Manufacturing is not simply a source of jobs, it is a critical part of any prosperous society. Even the capacity to trade for manufactured goods requires a thriving manufacturing sector. According to the WTO[PDF], only 20 percent of the trade among the regions of the world is in services; the rest is in merchandise. So, even though 65 percent of the U.S. economy is part of the nongovernmental service economy, most of that output cannot be traded for foreign manufacturing goods. Indeed, the U.S. trade deficit that threatens the value of the dollar cannot be closed unless manufacturing activity is increased.

This imbalance occurs because services usually involve the act of using manufactured goods, which can only be done on-site. Thus, a solar panel is installed and maintained by service personnel; a salesperson might sell the panel to the homeowner after he/she saw an advertisement; a trucker might bring the panel to the home after various office services such as accounting have been involved. All of these services added together might yield many more jobs and much more economic activity than the manufacture of the solar panels in the first place. But the services are all dependent on the manufactured solar panels, and technological advances in the manufacture of the solar panels can have large effects on the employment possibilities of the industry.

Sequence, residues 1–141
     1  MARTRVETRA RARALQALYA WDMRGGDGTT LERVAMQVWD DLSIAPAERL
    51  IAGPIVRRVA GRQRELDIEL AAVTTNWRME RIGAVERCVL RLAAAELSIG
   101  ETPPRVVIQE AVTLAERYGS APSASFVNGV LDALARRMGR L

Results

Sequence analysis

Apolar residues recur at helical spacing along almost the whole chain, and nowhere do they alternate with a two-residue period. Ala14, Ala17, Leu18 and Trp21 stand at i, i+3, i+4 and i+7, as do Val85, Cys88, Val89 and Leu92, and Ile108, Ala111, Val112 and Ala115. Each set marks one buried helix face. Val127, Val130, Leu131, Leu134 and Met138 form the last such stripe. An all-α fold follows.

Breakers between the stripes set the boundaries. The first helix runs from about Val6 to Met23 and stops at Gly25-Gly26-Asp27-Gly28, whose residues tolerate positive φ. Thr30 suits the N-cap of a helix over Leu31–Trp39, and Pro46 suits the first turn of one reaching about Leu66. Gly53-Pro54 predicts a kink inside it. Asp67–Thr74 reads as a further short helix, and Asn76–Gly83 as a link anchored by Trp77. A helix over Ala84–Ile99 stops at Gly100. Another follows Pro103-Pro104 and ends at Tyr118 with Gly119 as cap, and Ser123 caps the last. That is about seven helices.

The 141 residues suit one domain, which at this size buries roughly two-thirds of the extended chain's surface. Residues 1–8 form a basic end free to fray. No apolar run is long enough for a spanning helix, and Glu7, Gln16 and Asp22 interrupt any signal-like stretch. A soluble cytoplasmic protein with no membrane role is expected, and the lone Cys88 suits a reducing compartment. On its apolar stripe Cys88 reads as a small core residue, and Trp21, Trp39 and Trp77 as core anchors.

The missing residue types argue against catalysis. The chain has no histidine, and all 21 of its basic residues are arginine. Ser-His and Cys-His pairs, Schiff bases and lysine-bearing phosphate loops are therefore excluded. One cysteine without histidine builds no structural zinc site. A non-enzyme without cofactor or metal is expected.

Manufacturing the solar panels also brings about the need for services at various stages of the production process, such as in research, design and marketing. Most importantly, however, the solar panels themselves are built with parts that have been produced using industrial machinery. These various kinds of industrial machinery, such as machine tools or silicon-purification equipment, have their own “ecosystems” of services and manufacturing attached to them. And this industrial machinery has a unique aspect: It can be used for all manufacturing industries, which in their turn spawn the rest of the services that make up the economy.

Thus, manufacturing solar panels not only makes the various service jobs such as installation possible, it also provides a market for the very core of the economic ecosystem: The various industrial machineries that in turn are used to produce the goods and services that power the entire economy.

Now consider how this process takes place when making wind turbines, trains, building materials, geothermal heat pumps or gardening tools. Not only are the millions of service jobs associated with these technologies expanded as green industries grow, the entire industrial machinery core of the system could be rebuilt in the United States. This provides a short-term boost to the economy, but more importantly, it creates the long-term foundation of economic reconstruction that can help rebuild the middle class, move people out of poverty and create a prosperous society for the foreseeable future.

In sum, a green-collar jobs program can achieve a carbon-free inter-city and intra-city transportation system supported by walkable urbanism, a carbon-free energy system based on buildings, metropolitan areas and a national grid, and a sustainable agricultural and manufacturing system. New federal policies can move us, now, in the direction of a society in which all jobs are green-collar.